Valley News (Lebanon/Hanover, NH) Sunday, January 23, 2000
To compare Vice President Al Gore and former Sen. Bill Bradley by their policy positions and campaign pronouncements is to discover two eminently qualified candidates who hail from the same ideological camp within the Democratic Party. An issue-by-issue comparison might be the least useful way to choose between them.
But that's OK; presidents generally don't have the opportunity or political capital to launch major initiatives across a broad range of issues. The most successful chief executives are those who enter office intending to use their limited time to focus on a limited but ambitious agenda. In that respect, Bradley has distinguished himself as the best candidate not simply by establishing the right priorities, but by demonstrating his appreciation for the importance of setting priorities in the first place. He deserves the support of New Hampshire Democratic voters in next week's primary.
The cause he has most prominently espoused is campaign-finance reform, an issue highlighted by the Clinton administration's demonstration that shameless, outrageous and worrisome fund-raising practices do not necessarily violate current law. It's hard to overstate the importance of this issue. Finding a way to reduce the influence of money in politics is key to loosening the grip that special interests exert over the shaping of national policy, dissipating widespread public cynicism and returning the campaign process to something more ennobling than a dash for cash. Bradley's prescription -- a ban on soft money coupled with publicly financed federal elections -- is more ambitious than any proposal offered by any other presidential candidate and, in fact, goes beyond anything that has come close to passing Congress. But presidential leadership and boldness are exactly what's needed to induce members of Congress to renounce a system that they have done quite well by.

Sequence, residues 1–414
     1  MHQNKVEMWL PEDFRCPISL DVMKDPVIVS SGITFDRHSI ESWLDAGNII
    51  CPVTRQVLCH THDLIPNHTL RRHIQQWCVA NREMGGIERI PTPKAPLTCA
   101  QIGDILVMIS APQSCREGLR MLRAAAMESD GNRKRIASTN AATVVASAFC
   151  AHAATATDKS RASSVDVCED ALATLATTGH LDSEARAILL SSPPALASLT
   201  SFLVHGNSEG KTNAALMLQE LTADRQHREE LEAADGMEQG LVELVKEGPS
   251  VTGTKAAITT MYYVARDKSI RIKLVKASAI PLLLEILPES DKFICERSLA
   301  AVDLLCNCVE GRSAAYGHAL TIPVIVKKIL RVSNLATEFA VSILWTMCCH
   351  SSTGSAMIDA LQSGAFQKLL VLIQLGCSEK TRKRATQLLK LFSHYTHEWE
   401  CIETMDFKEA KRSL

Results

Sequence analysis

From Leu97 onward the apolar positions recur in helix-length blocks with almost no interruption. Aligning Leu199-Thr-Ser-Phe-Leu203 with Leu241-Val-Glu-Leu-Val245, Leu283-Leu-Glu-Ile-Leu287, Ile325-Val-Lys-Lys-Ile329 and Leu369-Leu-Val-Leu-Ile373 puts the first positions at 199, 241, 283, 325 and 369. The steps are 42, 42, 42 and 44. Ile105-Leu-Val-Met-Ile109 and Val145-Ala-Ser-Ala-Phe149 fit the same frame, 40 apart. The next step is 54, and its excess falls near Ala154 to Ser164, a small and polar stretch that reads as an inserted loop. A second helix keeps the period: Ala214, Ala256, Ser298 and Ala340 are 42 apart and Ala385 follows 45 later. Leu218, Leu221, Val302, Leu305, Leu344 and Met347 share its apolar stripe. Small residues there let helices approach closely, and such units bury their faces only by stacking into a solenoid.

Bradley has also promised to take up that which President Clinton failed so spectacularly at: overhauling the system of health care coverage. Unlike Clinton, Bradley does not propose to achieve universal coverage, but he does have a plausible, albeit expensive, plan for insuring all children and most of the working poor. Considering how unlikely it is for any plan to emerge from Congress without substantial alteration, the details of Bradley's plan are less important than his recognition that the small adjustments of the past few years have left gaping holes that need to be addressed. And unlike Clinton's clanking contraption, Bradley's proposal -- offering varying amounts of subsidies to allow people to buy into private plans --is not doomed by its own complexity.
By contrast, Gore's campaign reminds us of one of Bill Clinton's scattershot state of the union addresses -- there is virtually no issue that hasn't commanded his attention for at least a passing moment, and the multitude have suffered accordingly. By all credible accounts, Gore is a decent, intelligent and competent man, and the most trenchant analysis of his awkward campaign has been that he's done an extremely effective job of hiding those strengths. His constant re-inventions of himself and his over-eager courting of his audiences create the impression of a man who isn't comfortable with himself. Next to Gore's puppyish performance, Bradley's diffidence and understatement are calming and reassuring.
To the extent that Bradley's aloofness reflects an instinctive distaste for playing the political game, he would have to overcome that reserve if he hopes to build the political coalitions that are necessary for working with Congress. But the man is no political neophyte; he proved he possesses considerable political skills during his three terms in the Senate, most notably when he spearheaded an overhaul of the tax code. He's used this campaign to demonstrate that he has a sure grasp of how he would like to apply those skills if elected president.
Reprinted by Permission of the Valley News.